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9 Parenting Trends That Today’s Grandparents Just Don’t Understand

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Back in the 70s, I was a fairly progressive parent. I embraced Lamaze, La Leche League and Dr. Spock. I even made my own baby food. But in the time between parenting and grandparenting, I lost track of the trends. When I tuned in again, I found out just how much parenting has changed.

I’m not a grandmother who waxes nostalgic about the past. There was a lot of bad in the good old days. Some modern parenting trends baffle me, but I try to keep an open mind — which is even more important for grandparents than a closed mouth.

Here are a few parenting trends that I’ve puzzled over, and some that I really like.

1. Bump Shows

Remember our flow-y tops and tent dresses? Maternity clothes used to be all about covering up the belly. Today expectant moms proudly show off their bumps. It has taken me a while to get used to seeing stretchy tops that don’t do a thing to hide a popped belly button. I have to admit, though, that it’s healthy for women to be proud of their bumps rather than feeling that they are something to hide.  

2. Boy or Girl?

Remember when a baby’s gender was revealed in the delivery room? I do, too. I never had the option of learning whether I was going to have a boy or girl, and that still seems like the natural way. I was happy that my children chose to keep the gender of my grandchildren a secret, six out of seven times. One of my daughters, when asked what she was having, enjoyed replying in a conspiratorial whisper, “We think it’s a baby.” 

3. Gender Reveal Parties

Today almost everyone wants to know the sex of their baby as soon as possible, and gender reveal parties are all the rage. I have accepted that we’ll never go back to the old ways. I’m even fine with gender reveal parties as long as they don’t spoil the taste of the cake with too much blue or pink food coloring. Because, mmmm, cake.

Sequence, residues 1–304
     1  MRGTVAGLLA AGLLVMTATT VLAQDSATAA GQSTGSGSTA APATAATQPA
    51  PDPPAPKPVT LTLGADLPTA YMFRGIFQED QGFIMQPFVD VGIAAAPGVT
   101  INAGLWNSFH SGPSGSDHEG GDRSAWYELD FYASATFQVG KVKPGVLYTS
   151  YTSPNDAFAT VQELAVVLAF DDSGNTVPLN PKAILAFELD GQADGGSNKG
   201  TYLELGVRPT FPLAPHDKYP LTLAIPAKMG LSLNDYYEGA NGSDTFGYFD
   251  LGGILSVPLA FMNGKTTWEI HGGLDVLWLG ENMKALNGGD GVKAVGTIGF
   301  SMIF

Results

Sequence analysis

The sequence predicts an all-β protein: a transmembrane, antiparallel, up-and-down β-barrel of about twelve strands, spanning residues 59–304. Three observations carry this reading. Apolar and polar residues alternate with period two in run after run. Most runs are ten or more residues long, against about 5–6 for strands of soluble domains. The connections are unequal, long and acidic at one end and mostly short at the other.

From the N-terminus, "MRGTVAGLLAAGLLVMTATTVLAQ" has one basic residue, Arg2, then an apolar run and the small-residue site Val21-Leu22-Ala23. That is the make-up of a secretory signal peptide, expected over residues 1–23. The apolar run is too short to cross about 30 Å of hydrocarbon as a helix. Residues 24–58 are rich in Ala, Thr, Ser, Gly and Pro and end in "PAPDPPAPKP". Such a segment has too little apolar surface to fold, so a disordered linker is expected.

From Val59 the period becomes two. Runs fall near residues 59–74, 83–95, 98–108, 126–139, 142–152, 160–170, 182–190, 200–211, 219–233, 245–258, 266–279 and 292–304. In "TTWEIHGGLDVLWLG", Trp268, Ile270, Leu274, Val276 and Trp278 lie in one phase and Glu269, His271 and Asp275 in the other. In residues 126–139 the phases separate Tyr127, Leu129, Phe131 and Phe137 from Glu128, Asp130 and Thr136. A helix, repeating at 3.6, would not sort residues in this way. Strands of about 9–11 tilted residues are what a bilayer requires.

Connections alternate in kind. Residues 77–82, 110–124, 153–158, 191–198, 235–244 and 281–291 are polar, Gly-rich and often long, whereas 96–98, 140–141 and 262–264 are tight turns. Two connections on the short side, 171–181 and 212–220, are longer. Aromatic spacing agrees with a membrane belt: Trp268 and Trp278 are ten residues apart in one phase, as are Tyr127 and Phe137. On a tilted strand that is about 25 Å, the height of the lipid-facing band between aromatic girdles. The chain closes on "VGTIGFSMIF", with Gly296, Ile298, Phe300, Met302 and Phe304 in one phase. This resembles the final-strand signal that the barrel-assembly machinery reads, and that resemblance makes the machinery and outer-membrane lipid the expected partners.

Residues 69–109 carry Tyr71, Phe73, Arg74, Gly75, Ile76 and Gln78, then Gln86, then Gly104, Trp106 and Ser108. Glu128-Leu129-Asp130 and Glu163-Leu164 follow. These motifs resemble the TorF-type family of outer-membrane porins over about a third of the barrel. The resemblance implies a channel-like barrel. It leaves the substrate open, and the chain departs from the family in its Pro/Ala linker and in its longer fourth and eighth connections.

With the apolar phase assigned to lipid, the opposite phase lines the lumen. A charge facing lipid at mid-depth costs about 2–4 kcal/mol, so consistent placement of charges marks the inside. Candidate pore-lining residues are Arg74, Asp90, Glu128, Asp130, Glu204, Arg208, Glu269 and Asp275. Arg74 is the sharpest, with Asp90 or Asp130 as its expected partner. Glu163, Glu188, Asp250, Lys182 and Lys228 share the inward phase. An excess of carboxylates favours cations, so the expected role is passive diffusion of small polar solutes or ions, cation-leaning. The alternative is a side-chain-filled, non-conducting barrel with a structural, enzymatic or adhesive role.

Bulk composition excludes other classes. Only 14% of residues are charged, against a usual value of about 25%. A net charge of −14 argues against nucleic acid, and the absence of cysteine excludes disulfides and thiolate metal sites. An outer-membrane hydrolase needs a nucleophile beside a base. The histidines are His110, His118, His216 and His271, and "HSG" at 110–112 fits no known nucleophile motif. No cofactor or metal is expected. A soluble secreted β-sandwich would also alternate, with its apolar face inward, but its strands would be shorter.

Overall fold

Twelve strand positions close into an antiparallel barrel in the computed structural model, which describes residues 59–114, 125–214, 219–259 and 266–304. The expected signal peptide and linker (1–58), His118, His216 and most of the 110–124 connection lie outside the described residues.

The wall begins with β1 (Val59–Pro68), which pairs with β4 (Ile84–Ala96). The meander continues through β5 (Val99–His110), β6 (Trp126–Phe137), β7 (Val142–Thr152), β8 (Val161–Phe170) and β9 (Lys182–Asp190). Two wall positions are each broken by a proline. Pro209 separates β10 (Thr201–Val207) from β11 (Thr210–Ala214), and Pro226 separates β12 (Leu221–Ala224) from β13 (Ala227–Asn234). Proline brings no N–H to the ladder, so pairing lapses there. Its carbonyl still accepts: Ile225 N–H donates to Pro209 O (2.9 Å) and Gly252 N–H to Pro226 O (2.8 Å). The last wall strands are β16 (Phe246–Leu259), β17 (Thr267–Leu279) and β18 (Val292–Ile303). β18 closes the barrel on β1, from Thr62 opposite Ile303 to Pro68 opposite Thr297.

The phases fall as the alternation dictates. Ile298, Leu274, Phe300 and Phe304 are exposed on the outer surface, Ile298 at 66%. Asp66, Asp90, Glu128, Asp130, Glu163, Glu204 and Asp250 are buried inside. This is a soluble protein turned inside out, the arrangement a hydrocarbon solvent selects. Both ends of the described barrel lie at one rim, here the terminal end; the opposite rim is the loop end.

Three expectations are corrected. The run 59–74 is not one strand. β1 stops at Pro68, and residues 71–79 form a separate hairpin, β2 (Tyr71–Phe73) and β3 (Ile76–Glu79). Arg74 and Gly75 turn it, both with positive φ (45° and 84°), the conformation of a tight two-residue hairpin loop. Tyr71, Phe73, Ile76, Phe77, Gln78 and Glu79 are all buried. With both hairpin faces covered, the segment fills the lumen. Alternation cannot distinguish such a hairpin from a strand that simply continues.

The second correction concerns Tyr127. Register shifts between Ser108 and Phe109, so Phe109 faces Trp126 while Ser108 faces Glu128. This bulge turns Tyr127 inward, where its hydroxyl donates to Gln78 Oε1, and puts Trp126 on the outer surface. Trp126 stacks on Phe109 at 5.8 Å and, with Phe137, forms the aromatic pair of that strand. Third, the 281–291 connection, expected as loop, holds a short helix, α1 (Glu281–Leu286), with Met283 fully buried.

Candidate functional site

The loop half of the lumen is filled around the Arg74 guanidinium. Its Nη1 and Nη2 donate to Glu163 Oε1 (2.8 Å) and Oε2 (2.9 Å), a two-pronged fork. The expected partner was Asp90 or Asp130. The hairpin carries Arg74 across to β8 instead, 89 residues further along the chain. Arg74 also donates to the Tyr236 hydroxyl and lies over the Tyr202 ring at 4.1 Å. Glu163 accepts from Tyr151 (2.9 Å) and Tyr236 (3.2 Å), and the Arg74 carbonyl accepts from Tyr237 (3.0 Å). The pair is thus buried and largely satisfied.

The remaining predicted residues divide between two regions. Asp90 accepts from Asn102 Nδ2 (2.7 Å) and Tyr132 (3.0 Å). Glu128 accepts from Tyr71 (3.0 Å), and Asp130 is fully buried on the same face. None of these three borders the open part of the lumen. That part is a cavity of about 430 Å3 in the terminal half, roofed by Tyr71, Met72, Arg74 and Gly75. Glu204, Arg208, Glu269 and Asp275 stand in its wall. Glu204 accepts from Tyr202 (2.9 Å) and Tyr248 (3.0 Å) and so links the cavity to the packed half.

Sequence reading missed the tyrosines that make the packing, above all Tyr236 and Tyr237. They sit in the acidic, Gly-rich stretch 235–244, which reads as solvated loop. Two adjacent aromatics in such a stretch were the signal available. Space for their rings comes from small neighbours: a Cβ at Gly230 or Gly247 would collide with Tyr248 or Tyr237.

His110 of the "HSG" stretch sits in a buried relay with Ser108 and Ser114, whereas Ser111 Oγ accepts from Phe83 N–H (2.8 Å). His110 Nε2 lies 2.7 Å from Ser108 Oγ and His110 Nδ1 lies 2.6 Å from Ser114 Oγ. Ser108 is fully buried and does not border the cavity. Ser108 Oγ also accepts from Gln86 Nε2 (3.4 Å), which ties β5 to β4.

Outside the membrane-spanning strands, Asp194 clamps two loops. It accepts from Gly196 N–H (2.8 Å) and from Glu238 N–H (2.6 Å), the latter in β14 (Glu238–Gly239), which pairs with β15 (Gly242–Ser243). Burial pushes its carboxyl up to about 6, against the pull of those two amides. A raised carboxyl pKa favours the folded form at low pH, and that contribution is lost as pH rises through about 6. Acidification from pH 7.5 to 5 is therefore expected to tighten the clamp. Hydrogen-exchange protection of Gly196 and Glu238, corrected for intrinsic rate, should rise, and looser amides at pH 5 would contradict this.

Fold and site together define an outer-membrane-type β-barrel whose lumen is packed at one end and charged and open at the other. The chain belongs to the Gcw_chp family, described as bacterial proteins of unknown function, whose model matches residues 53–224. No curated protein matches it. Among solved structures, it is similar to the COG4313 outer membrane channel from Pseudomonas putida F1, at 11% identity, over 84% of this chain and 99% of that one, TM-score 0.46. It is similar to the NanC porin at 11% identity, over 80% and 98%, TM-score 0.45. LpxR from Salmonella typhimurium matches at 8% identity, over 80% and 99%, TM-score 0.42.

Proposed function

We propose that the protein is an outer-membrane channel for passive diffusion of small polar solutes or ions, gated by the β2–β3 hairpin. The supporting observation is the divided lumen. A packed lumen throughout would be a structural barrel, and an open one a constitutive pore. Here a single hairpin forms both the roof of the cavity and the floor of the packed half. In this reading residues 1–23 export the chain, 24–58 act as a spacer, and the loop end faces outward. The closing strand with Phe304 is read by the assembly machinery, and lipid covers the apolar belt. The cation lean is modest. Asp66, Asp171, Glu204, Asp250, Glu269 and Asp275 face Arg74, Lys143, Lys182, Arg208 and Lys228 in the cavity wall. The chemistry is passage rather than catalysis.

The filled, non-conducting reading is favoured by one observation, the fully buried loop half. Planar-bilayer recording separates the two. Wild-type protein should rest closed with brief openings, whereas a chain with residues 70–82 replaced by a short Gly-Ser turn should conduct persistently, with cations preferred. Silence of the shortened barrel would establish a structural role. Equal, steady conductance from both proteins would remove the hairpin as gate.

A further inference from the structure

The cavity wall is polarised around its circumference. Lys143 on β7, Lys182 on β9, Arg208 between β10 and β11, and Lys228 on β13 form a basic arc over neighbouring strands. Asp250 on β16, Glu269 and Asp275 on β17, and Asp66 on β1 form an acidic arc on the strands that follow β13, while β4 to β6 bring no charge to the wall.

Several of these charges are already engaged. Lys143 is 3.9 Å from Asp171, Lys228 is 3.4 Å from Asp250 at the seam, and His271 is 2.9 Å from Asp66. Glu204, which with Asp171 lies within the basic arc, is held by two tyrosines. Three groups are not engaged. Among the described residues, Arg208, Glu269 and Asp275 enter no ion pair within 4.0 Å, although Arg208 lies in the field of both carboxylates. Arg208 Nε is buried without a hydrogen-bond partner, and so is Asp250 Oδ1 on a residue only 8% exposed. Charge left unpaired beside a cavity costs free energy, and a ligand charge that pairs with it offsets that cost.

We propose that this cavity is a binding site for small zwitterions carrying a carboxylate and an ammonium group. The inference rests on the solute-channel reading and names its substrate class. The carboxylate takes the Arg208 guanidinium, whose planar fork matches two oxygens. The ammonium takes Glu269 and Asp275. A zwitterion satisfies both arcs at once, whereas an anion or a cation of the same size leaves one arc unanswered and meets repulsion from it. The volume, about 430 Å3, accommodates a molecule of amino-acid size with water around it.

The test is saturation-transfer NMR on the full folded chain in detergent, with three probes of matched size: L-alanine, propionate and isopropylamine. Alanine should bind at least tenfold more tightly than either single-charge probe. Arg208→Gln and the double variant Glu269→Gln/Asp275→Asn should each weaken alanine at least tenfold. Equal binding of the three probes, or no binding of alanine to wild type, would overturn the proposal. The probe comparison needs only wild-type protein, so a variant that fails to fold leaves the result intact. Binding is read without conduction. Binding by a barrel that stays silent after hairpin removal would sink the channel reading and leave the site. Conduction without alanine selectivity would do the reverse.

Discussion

4. Babymoons

When I was a mom, no one who was “expecting” traveled much. Even driving down a bumpy road was considered risky. Today expectant couples often plan a babymoon to enjoy special time together before everything gets hectic. As a lifelong travel nut, I understand this trend. Bon voyage to all those traveling with a bump! Just be sure to take your medical records along. 

5. Babymoon No. 2

The term babymoon is alternatively used to mean a period immediately after a baby’s birth, when the parents – and siblings, when they are on the scene — get to know their baby. Usually, the parents put off visitors and try for a quiet, relaxing time as a family. That’s fine with me, too, as long as they realize that grandmothers aren’t visitors. 

6. Push Presents

When I was a mom, sure, you were rewarded for giving birth — with a baby. And the fact that the gift sometimes indulged in projectile vomiting and explosive poo? That was just part of the package. Today many celebrities and ordinary moms get push presents as thank you’s from their partners for the hard work of pregnancy and giving birth. It’s not a bad idea. The push present should definitely fit the couple’s pocketbook, though. Celebrities may get new cars and diamonds, but a silver locket or a spa pedicure is perfectly appropriate, too. 

7. Baby-wearing

This is a trend I can wholeheartedly embrace. Most grandmothers remembers how hard it was to get things done with a baby who wanted to be held at all times. Today moms just wear their babies in a sling or pouch that leaves their hands free for other things. Of course, in many parts of the world, baby-wearing has been standard operating procedure for centuries. We can be a little slow to catch on.

8. Attachment Parenting

Lots of baby-wearers also embrace the trend known as attachment parenting, which means that parents and babies are seldom separated. In attachment parenting, moms breastfeed for extended periods of time. Children sometimes share their parents’ bed, a practice now known as co-sleeping. Day care and babysitters are avoided as much as possible. In my day, we did all of this without the fancy name. 

9. All-in Dads

In the category of positive changes, this is the very best one. I have known lots of fathers (including my own) who either refused to change dirty diapers or couldn’t do it without gagging. Today’s dads not only do diaper duty but also make lunches, fix ponytails and manage day-care drop-off. Are they equal partners? I’m not going there, but I will say that a huge, very welcome change has taken place. 

I’ve seen lots of parenting trends come and go. The best parents, in my opinion, are those who strive to do a good job but who retain some flexibility. And a sense of humor is indispensable. Actually, that’s not a bad formula for grandparenting, either. 

I wonder if it’s too late to ask for my push present.  

This article was written by Susan Adcox, a writer specializing in generational issues. She is the author of Stories From My Grandparent: An Heirloom Journal for Your Grandchild.

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